Aug 9 2016 - 3:47 pm

The first day of TI6 was totally unpredictable

The first day of the $20 million International 6 provided an ample amount of upsets as fan-favorite after fan-favorite fell to dark horses
Sam Nordmark
Writer at @dotesports

The first day of the $20 million International 6 provided an ample amount of upsets as fan-favorite after fan-favorite fell to dark horses.

Reigning world champions OG were the first to suffer a surprising defeat after they were sent to lower bracket by the South Koreans in MVP Phoenix. This was a complete reversal of the two teams previous match at the Manila Major, where OG completely decimated the top tier Koreans in two games in less than an hour.

The series went the full distance, with MVP Phoenix winning the first and third map. As always OG’s Amer “Miracle-” Al-Akwari was one of the main players to watch as the 19-year old Armenian delivered incredible performances on Timbersaw and Outworld Devourer in the two first games of the series. But despite the youngster’s absurd talents, the standout player of the match was MVP Phoenix offlaner Lee “Forev” Sang-don—and not always for the best of reasons.

In game two, Forev put on what can arguably be described as one of the worst performances of the tournament on Faceless Void. Trapping his own teammates in Chronospheres, or outright missing them, Forev contributed little in the game, which MVP Phoenix ultimately dropped. In complete contrast to his embarrassing performance in the previous game, Forev put on an absolute clinic on Axe in the final encounter of the series: Ending the game with 17 kills and zero deaths.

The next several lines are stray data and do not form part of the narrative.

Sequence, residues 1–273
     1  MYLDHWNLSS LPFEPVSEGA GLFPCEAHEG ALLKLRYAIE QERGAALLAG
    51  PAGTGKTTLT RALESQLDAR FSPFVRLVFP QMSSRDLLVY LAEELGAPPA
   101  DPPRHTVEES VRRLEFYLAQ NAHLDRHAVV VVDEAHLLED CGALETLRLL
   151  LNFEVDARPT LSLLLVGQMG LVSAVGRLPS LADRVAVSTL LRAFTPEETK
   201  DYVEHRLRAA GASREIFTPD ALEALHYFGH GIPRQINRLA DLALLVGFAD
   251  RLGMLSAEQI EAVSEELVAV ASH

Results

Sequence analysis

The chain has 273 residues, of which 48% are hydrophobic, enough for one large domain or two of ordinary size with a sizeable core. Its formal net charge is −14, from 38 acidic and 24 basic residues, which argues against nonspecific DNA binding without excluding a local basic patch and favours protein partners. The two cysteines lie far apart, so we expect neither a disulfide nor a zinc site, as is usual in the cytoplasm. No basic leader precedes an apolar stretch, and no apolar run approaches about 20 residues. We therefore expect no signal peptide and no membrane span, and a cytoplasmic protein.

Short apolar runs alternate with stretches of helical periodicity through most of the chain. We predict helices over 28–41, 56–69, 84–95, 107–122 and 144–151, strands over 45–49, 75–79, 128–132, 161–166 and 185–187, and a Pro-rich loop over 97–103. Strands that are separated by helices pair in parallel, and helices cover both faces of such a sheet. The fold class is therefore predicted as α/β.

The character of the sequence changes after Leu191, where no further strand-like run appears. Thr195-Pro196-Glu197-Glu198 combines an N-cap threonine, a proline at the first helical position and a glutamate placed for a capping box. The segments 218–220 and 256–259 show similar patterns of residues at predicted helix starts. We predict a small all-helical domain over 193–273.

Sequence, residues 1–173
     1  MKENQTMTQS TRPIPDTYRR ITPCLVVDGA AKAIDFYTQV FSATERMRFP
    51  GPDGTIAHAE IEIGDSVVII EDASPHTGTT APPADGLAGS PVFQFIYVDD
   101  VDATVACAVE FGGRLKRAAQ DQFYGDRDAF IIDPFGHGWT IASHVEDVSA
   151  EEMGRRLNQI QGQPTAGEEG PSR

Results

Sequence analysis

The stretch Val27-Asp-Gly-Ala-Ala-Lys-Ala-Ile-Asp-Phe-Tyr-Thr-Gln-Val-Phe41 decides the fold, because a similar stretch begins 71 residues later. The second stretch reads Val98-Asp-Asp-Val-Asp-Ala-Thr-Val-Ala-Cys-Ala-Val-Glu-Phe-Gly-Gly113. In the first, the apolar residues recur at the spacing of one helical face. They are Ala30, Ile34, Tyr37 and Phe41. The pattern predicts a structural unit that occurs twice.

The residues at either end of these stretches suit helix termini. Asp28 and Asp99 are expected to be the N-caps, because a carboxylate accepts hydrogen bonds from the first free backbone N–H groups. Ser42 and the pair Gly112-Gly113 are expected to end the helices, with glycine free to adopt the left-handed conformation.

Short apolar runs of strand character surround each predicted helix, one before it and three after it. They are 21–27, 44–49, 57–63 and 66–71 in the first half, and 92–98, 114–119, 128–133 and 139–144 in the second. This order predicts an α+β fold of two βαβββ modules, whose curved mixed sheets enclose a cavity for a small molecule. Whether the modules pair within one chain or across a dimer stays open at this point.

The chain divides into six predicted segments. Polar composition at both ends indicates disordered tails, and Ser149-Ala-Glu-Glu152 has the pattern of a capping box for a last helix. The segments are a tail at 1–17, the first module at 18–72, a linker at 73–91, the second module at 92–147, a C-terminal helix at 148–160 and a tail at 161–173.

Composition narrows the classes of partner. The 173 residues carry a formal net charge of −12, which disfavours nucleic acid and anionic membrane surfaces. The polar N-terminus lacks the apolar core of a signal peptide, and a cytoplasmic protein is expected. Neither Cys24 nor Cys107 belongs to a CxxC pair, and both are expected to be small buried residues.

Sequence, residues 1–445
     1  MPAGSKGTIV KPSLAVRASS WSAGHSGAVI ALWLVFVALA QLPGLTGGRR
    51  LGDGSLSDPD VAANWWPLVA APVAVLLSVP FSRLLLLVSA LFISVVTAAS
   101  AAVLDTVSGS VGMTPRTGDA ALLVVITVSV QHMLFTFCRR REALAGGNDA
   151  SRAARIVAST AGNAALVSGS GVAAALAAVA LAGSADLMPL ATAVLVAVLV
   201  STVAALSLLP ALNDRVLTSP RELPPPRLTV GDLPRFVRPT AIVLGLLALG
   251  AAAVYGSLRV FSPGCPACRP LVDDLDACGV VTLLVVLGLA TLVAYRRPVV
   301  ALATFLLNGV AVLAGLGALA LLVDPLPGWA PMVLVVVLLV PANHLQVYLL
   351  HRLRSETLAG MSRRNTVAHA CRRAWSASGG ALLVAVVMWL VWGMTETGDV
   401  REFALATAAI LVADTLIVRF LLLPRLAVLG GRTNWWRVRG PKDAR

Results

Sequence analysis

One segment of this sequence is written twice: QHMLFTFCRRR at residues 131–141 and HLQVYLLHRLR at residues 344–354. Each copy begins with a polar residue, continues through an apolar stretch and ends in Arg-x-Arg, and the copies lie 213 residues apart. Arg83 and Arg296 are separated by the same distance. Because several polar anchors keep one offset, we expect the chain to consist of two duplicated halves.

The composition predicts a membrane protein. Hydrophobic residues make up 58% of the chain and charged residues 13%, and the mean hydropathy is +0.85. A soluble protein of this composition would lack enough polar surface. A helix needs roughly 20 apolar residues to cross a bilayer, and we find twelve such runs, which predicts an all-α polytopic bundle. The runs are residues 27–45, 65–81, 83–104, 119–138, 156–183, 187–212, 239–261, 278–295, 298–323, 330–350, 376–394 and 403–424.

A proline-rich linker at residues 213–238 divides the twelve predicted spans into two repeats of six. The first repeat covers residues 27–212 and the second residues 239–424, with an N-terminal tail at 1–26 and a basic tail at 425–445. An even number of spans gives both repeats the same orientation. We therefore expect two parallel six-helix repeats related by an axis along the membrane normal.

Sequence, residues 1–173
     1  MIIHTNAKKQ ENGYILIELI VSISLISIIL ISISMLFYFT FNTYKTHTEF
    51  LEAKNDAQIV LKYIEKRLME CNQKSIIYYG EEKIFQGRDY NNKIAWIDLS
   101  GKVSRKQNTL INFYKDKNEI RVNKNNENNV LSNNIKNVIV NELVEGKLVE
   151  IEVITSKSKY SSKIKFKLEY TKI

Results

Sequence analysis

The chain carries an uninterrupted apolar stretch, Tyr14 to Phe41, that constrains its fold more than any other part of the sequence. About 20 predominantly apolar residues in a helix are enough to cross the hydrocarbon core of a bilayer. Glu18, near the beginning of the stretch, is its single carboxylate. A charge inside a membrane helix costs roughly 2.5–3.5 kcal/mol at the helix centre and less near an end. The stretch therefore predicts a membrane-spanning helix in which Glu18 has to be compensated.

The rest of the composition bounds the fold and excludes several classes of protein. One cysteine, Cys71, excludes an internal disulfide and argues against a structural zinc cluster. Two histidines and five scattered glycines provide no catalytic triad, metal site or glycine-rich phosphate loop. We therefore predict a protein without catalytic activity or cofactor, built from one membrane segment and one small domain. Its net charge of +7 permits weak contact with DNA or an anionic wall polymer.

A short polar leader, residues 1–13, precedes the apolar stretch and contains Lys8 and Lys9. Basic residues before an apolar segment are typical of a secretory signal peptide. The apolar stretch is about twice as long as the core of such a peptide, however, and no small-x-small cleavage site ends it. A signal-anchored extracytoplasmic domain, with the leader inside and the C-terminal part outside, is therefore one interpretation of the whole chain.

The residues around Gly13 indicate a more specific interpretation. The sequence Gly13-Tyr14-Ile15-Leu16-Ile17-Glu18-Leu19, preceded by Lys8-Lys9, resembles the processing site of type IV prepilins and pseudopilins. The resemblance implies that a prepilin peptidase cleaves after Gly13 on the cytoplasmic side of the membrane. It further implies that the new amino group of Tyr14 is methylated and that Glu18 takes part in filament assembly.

The concluding match of the upper bracket was one of the strangest series of the tournament. In defeating North American representatives Digital Chaos 2-1, Chinese side Wings drafted odd picks such as Brewmaster, Techies, Pudge, and Centaur Warrunner throughout the three game series.

After the conclusion of the upper bracket matches, all eyes were focused on the opening matches of the best-of-one lower bracket. Suffering from poor performances in the group stage, favorites such as Team Secret, Na`Vi, and Team Liquid were all staring at a last place finish—and that's exactly what happened to Secret and Na'vi. For Secret’s part, this marks the team’s second straight last-place finish at a Valve event.

Alliance and EHOME will open the second day of the International 6 playoffs at 12:00pm CT.

Jan 22 2017 - 9:12 pm

Hearthstone's NA vs CN event ends in controversy

The Chinese players were coasting to victory, but their final win provoked minor outrage.
Callum Leslie
Weekend Editor, Dot Esports.
Image via Blizzard Entertainment

China's best Hearthstone players turned back a team of the best North America had to offer—but the event did not end without controversy.

In the final game of the event series, China's "Lvge" made a play that seemed to defy logic. He played Dirty Rat on turn two, risking pulling a hugely advantageous early Tomb Pillager or Gadgetzan Auctioneer for his opponent Keaton "Chakki" Gill.

However, according to the American players the Chinese casters and Lvge's teammates were screaming to play the Rat when he picked the card up, and with no white noise in the player headsets Lvge could likely hear the noise and take the cue.